Mentions: IVUS has been used to detect suboptimal results after apparently angiographically successful stent deployment in both the DES and bare metal stent (BMS) eras (Fig. 2). IVUS predictors that are associated with increased adverse outcomes include smaller MSA, stent underexpansion, stent edge dissection, incomplete stent apposition, and incomplete lesion coverage [19-26]. In the BMS era, a major problem after stent implantation was stent restenosis, and the main mechanism of this phenomenon was a smaller MSA or stent underexpansion [21,26-30]. Several studies in the BMS era showed a beneficial effect of IVUS guidance on post-procedural angiographic results and stent restenosis during long-term follow-up, resulting from a larger MSA with a higher post-dilation balloon pressure [7,19,27,31]. Stent underexpansion, identified by IVUS, can be treated with appropriate post-balloon dilation. IVUS allows more aggressive intervention using a larger diameter balloon with confidence in terms of safety; thus, BMS implantation under IVUS guidance can provide a bigger MSA and more favorable clinical outcomes compared with angiography-guided PCI. DESs have led to a marked reduction in the rate of stent restenosis and the need for repeated revascularization compared with BMSs [32,33]. Because of their efficacy, high-risk lesions and clinical conditions, including bifurcation lesions, long lesions, calcified lesions, left main disease, diabetes, and multivessel disease, are now being treated routinely with DESs [34,35]. Thus, the risk of stent underexpansion, incomplete stent apposition, and incomplete lesion coverage increases and these suboptimal stent deployment conditions have been reported to be potent IVUS predictors of stent restenosis and stent thrombosis [13,17,24], suggesting that stent implantation under IVUS guidance still has a pivotal role even in the DES era. An important aspect of IVUS is determining appropriate reference segments that provide the landing zone for stent deployment. IVUS examination typically reveals a considerable amount of plaque, even in segments of the vessel that appear "normal" on the angiogram, known as "reference vessel" disease. Quantitative IVUS studies have demonstrated that the segment chosen as the "normal" reference site for the calculation of angiographic percent stenosis has an average of 30-50% of its cross-sectional area occupied by plaque [36]. By IVUS, the definition of reference segment is a cross-sectional image adjacent to the lesion that has < 40% plaque burden [37]. A previous study reported the association between clinical outcomes and longitudinal positioning of the stent in 162 consecutive patients with 180 lesions treated with sirolimus-eluting stent (SES) implantation [38]. In that study, stepwise IVUS criteria primarily targeting plaque burden < 50% were shown to be feasible and improved the rates of stent restenosis and target lesion revascularization (TLR) at 8 months follow-up.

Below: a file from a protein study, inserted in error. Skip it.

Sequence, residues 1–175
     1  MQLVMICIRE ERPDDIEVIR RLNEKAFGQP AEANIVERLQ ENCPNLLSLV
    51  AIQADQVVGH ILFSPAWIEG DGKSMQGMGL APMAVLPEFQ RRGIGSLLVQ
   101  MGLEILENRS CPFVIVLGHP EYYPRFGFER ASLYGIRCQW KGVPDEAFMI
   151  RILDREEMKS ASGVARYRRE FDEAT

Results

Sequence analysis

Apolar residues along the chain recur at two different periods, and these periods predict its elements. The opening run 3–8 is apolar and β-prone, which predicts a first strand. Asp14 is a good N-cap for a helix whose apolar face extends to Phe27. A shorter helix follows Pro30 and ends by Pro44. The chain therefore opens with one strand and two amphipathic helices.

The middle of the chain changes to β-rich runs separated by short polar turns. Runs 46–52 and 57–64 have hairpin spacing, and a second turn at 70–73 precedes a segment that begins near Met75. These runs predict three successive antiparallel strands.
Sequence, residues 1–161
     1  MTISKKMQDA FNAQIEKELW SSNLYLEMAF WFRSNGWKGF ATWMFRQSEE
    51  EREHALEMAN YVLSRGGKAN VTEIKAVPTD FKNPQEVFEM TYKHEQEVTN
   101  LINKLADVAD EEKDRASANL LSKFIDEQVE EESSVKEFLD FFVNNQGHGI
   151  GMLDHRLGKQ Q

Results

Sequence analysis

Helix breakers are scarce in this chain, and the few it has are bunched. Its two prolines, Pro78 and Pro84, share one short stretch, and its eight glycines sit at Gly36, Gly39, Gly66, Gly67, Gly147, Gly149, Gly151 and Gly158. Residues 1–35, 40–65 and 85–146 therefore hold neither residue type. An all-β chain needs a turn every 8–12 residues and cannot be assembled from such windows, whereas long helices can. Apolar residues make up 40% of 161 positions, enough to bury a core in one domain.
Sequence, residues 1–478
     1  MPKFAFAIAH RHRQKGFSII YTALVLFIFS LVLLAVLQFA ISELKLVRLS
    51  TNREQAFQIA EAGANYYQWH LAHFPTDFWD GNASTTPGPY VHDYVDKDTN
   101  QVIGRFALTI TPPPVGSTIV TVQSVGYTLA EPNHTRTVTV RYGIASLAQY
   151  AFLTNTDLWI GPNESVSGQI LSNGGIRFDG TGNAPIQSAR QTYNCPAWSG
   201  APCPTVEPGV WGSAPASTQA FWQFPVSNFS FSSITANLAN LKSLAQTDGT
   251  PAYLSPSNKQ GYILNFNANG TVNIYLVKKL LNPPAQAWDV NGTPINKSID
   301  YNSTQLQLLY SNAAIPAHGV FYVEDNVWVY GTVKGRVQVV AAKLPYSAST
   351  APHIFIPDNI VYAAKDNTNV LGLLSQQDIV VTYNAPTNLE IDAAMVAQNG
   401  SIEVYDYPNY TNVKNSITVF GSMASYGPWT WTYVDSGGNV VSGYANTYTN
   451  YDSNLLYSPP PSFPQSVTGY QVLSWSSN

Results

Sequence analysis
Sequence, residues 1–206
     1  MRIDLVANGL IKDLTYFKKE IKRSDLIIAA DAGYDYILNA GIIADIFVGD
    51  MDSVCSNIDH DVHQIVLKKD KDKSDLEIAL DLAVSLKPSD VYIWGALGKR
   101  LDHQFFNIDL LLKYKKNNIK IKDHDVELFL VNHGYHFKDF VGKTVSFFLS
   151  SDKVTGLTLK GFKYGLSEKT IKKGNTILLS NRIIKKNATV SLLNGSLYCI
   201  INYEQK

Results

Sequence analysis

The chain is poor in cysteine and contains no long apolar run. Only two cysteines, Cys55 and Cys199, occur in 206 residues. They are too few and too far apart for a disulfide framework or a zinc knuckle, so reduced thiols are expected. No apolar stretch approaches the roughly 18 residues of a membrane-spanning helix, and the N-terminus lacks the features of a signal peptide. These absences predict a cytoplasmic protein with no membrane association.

Bottom Line: Since the introduction of the drug-eluting stent (DES), concerns about restenosis have decreased.However, high-risk lesion subsets are being routinely treated with DESs, and the incidence of suboptimal results after stent deployment, such as stent underexpansion, incomplete stent apposition, edge dissection, geographic miss, and the risk of stent thrombosis, have correspondingly increased.Thus, optimization of stent deployment under IVUS guidance may be clinically important.

View Article: PubMed Central - PubMed

Affiliation: Department of Internal Medicine, Keimyung University Dongsan Medical Center, Daegu, Korea.

ABSTRACT
Intravascular ultrasound (IVUS) is a useful diagnostic method that provides valuable information in addition to angiography regarding the coronary vessel lumen, dimensions, plaque burden, and characteristics. The major use of IVUS in coronary intervention is to guide interventional strategies and assess optimal stent deployment. Since the introduction of the drug-eluting stent (DES), concerns about restenosis have decreased. However, high-risk lesion subsets are being routinely treated with DESs, and the incidence of suboptimal results after stent deployment, such as stent underexpansion, incomplete stent apposition, edge dissection, geographic miss, and the risk of stent thrombosis, have correspondingly increased. Thus, optimization of stent deployment under IVUS guidance may be clinically important. In this review, we focus on the potential role of IVUS in stent optimization during percutaneous coronary intervention and its clinical benefits.

Show MeSH
Related in: MedlinePlus